With interest rates still low, shorter or intermediate-term bonds may be worth considering for the fixed-income part of your portfolio, even if you have to accept a lower current return. If inflation increases and bond prices drop, owning shorter-term bonds can be a mitigating factor.
One strategy that seeks to reduce the impact of rising inflation on bond holdings is to build a bond “ladder”—buying bonds that mature in two, four, six, eight, and 10 years, for example. As the shorter-term bonds mature, investors can reinvest the proceeds into longer-term bonds at higher rates. Typically, a bond ladder might fit best for an investor who doesn’t mind holding them for up to 10 years. Inflation-linked bonds seek to offer protection from inflation, but these instruments make up a smaller share of the overall bond market and are somewhat less liquid.
Interested in readymade bond or CD ladders, or want to learn how to build your own? The Bond Wizard from TD Ameritrade can help.
It’s not all bad news: Stocks have previously been a good investment for some, relative to inflation over the very long term, because companies can raise prices for their products when their costs increase. However, over shorter periods, stocks can certainly react negatively to sudden or unexpected rises in inflation.
Such moves can heighten uncertainty about the economy, leading to lower earnings forecasts for companies and lower equity prices. An “inflation scare” would be particularly damaging to high-yield bonds, as expectations for monetary tightening can increase default fears.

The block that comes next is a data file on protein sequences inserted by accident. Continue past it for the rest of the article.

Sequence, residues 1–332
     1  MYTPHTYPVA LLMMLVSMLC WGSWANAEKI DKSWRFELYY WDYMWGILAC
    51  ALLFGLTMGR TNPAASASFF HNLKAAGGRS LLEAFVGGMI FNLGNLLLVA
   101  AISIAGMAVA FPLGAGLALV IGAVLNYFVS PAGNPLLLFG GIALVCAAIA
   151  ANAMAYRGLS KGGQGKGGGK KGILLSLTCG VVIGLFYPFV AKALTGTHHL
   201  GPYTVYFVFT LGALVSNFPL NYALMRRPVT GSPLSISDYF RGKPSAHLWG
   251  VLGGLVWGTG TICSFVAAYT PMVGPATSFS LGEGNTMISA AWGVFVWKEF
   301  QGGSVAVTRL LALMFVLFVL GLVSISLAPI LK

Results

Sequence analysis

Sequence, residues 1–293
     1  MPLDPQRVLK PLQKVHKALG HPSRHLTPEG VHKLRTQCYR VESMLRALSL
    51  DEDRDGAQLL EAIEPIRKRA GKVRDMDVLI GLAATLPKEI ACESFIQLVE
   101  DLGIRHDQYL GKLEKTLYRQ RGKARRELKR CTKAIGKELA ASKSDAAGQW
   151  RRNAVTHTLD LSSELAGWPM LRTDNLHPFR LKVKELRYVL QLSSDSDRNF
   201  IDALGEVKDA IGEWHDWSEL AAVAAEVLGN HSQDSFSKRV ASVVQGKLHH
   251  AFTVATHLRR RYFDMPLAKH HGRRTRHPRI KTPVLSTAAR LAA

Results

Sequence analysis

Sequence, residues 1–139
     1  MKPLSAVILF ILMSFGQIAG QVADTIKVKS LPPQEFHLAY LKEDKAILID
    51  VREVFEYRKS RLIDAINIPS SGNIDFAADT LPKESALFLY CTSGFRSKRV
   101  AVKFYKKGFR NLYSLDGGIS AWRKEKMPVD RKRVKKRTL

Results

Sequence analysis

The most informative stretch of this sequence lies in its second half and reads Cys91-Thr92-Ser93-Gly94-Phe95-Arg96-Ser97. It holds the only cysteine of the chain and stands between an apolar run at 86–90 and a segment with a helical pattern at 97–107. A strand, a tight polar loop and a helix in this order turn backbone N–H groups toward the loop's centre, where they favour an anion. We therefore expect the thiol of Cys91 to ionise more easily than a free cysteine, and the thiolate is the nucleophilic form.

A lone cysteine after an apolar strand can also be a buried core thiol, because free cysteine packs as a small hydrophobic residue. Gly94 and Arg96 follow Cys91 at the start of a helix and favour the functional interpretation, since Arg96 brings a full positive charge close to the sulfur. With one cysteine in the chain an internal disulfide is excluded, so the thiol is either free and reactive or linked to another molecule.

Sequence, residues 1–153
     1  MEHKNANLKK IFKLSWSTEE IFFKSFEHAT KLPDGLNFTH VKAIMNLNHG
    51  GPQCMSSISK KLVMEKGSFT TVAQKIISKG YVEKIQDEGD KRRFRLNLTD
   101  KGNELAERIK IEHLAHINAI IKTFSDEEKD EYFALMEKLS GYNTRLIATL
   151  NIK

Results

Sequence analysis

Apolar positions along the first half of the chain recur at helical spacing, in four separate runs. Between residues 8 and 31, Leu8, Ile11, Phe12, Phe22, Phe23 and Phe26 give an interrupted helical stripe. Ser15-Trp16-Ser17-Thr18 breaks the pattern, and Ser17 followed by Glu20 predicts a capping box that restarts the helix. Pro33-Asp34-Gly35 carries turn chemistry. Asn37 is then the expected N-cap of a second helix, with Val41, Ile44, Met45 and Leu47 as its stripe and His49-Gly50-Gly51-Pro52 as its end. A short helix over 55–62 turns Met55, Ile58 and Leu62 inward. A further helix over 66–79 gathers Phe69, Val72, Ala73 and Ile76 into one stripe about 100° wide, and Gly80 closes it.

The good news in all of this is that economists generally believe inflation in coming years will stay under control, with little risk of any broad, runaway price increases such as what the U.S. experienced in the 1970s. Marple estimates the CPI will rise about 1.9% this year, increase 2% in 2015 and climb 2.2% from 2016–18.
“The risk of either hyperinflation or deflation is small,” Marple said. As the U.S. economy improves and the labor market tightens, inflation is likely to move higher, he said. Still, “as long as the Federal Reserve remains vigilant and tightens policy as the economy picks up, inflation is likely to remain benign.”
Try to have realistic expectations about inflation and the need for your portfolio to adjust accordingly. Inflation is more likely to rise than fall in coming years, and while occasional price spikes won’t necessarily alter Fed rate policy or derail the economy, that doesn’t mean your retirement stash won’t get dinged up. Some of your costs, such as healthcare, will increase as you age. That’s right, inflation can be personal.